Monday, May 17, 2010

civil-military relations

Another insider tale of Obama administration decision-making raises an important issue of civil-military relations under the U.S. Constitution -- a subject I feel strongly about. Newsweek's Jonathan Alter says that the president, angry over suspected Pentagon leaks about Afghanistan policy, summoned Defense Secretary Gates and Joint Chiefs of Staff Chairman Admiral Mullen to the oval office to express his anger over the leaks and to demand that they pledge to support his eventual decision. Newsweek reprints the relevant chapter from Alter's book.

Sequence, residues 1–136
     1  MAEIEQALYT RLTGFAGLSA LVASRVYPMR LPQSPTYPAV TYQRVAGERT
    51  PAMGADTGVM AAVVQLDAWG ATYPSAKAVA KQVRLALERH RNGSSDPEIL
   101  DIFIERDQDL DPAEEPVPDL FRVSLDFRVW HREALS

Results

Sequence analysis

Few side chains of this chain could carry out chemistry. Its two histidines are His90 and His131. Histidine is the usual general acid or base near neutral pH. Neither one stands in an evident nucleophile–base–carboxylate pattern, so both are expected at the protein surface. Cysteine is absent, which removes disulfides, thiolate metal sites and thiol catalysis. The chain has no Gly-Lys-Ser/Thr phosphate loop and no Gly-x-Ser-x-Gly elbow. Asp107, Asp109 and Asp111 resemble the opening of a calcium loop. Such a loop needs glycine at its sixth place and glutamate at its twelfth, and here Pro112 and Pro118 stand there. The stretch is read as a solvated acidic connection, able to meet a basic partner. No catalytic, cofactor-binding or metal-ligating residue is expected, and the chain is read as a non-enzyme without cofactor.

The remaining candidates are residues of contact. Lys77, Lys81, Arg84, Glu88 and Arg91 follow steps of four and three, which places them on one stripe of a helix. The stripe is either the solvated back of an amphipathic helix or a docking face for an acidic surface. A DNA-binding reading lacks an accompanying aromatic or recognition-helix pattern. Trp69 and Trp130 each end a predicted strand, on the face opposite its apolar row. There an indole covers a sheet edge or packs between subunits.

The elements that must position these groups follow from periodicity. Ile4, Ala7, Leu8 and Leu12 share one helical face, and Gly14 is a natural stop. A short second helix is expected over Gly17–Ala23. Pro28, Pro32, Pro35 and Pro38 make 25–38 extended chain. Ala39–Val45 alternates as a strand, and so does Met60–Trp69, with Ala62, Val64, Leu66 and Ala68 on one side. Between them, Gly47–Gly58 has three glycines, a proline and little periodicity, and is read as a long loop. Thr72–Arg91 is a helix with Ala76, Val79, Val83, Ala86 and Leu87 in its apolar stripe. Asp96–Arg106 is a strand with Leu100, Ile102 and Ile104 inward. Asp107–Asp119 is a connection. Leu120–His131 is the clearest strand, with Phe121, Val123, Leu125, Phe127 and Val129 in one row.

While I agree with CNAS's "Abu Muqawama" that Alter seems to have been spun by some White House officials into dramatizing the situation more than the facts required, I also agree that Obama's actions are fully in line with the way U.S. civil-military relations are supposed to work. There has to be genuine dialogue, albeit an unequal one, and the president has a right to ask about military actions that could have strategic consequences.

In my view, the new president and his extraordinarily able Secretary of Defense have done a pretty good job of managing what is a supremely important relationship and what can be a source of enormous problems.

No comments:

Post a Comment